In an attempt to make SMBG more convenient and patient-centric, much effort has been placed in improving SMBG technology [9]. Early studies that marry technology and SMBG been mixed, with some showing a benefit on glycemic control and others showing no benefit [1, 10]. Few trials have pragmatically assessed the utility of SMBG monitoring in real-life settings, like the busy primary care practice where the majority of non-insulin treated patients with T2DM are managed. With patients taking a more directive role in their health care, a large focus is being placed on how usable these glucose-monitoring tools are in the real world. Few studies have focused on the health care provider side of this issue. In fact, studies of ‘enhanced’ SMBG, where both the patient and the provider were engaged in SMBG interpretation, found A1c reductions along the magnitude of 0.5% [4, 1113]. As additional ‘enhanced’ intervention SMBG studies have been added to the literature [13, 14], more recent reviews and meta-analyses have drawn conclusions more in favor or testing [4, 15]. This pattern suggests that, for SMBG to be an effective self-management tool in non-insulin treated T2DM, the patient and the health care provider must both actively engage in performing, interpreting, and acting upon the SMBG values.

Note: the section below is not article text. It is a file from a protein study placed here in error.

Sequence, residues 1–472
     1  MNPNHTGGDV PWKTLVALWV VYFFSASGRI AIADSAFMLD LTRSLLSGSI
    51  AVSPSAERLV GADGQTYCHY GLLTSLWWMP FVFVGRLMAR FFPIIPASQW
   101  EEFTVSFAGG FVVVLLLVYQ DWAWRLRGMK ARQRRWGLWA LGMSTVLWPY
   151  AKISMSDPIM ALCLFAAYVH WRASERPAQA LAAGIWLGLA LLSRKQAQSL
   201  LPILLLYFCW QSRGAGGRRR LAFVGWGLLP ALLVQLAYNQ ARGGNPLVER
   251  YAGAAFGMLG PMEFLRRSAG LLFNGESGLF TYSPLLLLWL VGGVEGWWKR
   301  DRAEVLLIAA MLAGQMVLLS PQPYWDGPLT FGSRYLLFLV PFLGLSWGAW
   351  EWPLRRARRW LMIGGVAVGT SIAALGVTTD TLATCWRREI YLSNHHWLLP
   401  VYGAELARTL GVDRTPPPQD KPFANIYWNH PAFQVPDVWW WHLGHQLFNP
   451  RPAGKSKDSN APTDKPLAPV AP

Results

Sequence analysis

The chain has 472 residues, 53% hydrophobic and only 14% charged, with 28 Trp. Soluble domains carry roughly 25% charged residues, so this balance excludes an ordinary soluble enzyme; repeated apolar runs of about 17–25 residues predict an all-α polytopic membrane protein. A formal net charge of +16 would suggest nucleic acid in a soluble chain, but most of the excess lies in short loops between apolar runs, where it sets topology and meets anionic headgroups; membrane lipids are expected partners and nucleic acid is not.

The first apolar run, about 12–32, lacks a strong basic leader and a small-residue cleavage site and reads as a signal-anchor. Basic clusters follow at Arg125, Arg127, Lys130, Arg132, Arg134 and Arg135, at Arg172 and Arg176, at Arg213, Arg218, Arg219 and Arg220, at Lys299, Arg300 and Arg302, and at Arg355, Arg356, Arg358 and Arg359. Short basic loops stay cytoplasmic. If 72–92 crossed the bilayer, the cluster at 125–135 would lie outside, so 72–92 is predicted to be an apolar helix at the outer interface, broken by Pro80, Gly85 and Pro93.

Given these unanswered questions regarding the impact of SMBG on patient quality of life and other patient reported outcomes, there is a growing interest by patients and other stakeholders who are looking for data that will help them make better, informed decisions about their self-care when no standard of care exists and providers make recommendations based upon their experience and preferences, like SMBG monitoring in T2DM. Our overarching goal is to answer the following questions: Is SMBG testing effective for people with non-insulin treated T2DM in terms of either A1c or quality of life (QOL)? We will also examine outcomes from SMBG in patients with different baseline characteristics. Our primary outcomes include change in glycemic control over 52 weeks and change in QOL over 52 weeks. The purpose of this paper is to describe our study methods and the unique aspects of stakeholder engagement that have been employed during the design and implementation of the study.